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Lieutenant, 1st/7th Battalion Manchester Regiment.

Killed in action on Friday 4th June 1915, age 24.

Remembered on Helles Memorial, Turkey.

Former student of science.

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Harold was born on 27th July 1890. He was the only son of Alderman James Herbert, Ex-Lord Mayor of Manchester, and Isabella Thewlis. Harold was educated at Woodlands School, Fallowfield and Manchester Grammar School. While at the latter he won the Langworthy science prize and was a prefect. He entered the University of Manchester in 1909 and obtained a B.Sc. in 1914. He was at Holmes Chapel Agricultural College with a view to taking up research work when war broke out.

Harold was a member of the University Officer Training Corps (O.T.C.) from October 1909 to September 1912 being commissioned as a 2nd Lieutenant in the 1st/7th Manchester Regiment in November 1912. Promoted in September 1914 he proceeded with his battalion to Khartoum where he was second in command of the Camel Company of the Soudan. In letters home he described life in Egypt as full of interest and when he found himself in the Gallipoli trenches considered the discomforts to be something that had to be endured without complaint. He was killed while leading an advance during the Third Battle of Krithia, and when it was suggested that perhaps he should fall back he reputedly said “I was told to hold this position and am I going to do it. Retire! Certainly not!”. A Manchester Grammar School Old Master who was wounded in the same attack wrote to Harold’s parents “Your son’s company had an exceptionally dangerous section to attack up a ravine, but they stuck to it wonderfully, and it was whilst he was right in front leading them on and directing them that he was shot down. He fell as he would wish to have done, leading his men in the position of greatest danger. He was most popular amongst his men and brother officers, and I am asked to convey to you the sincere sympathy of us all”.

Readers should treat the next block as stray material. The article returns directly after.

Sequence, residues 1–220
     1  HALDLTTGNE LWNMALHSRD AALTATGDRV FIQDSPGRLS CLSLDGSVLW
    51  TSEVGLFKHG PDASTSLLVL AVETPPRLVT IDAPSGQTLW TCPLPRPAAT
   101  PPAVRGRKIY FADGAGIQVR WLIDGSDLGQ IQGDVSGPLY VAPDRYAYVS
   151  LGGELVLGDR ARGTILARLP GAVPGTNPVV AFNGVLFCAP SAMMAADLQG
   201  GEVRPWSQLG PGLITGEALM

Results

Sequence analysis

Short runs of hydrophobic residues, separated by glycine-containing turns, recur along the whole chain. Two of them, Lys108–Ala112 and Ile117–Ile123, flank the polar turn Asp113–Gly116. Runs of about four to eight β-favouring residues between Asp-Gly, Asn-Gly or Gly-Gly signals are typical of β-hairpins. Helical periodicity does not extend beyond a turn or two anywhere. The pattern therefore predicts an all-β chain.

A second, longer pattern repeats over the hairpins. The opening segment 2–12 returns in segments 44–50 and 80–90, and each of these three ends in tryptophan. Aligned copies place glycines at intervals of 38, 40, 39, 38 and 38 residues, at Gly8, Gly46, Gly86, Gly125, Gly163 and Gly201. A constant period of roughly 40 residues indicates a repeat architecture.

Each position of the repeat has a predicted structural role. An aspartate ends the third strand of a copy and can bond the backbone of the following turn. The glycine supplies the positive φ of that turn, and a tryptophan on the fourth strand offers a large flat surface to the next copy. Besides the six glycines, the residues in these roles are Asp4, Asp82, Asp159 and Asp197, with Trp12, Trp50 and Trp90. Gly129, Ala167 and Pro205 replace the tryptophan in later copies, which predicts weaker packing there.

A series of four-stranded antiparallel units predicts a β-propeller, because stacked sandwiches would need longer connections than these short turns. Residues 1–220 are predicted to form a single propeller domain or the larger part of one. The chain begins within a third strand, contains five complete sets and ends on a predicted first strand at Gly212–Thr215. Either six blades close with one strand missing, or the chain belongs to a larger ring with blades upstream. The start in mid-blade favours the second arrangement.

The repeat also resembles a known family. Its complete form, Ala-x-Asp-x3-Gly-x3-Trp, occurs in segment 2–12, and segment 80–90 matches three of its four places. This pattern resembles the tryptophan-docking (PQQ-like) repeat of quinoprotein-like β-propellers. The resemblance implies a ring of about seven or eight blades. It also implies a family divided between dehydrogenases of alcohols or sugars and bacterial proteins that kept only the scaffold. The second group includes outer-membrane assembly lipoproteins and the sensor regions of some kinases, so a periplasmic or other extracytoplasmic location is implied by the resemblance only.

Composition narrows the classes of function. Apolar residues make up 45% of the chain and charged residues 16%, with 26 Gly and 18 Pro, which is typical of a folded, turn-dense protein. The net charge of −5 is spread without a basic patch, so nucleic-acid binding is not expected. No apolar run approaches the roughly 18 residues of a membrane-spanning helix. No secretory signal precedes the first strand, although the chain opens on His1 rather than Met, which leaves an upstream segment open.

A memorial service was held at Rusholme Road Chapel, Manchester, on 27th June 1915. It was attended by 120 officers and men, including the O.T.C. Commander Major Sir Thomas Holland. The bugles and drums of the 3/7th Battalion from Burlington Street headquarters played. Many friends and associates of the family were present. After a sermon and hymns the last post was sounded.

Harold’s will left £181 16s. 10d. to his father who was listed an an umbrella manufacturer.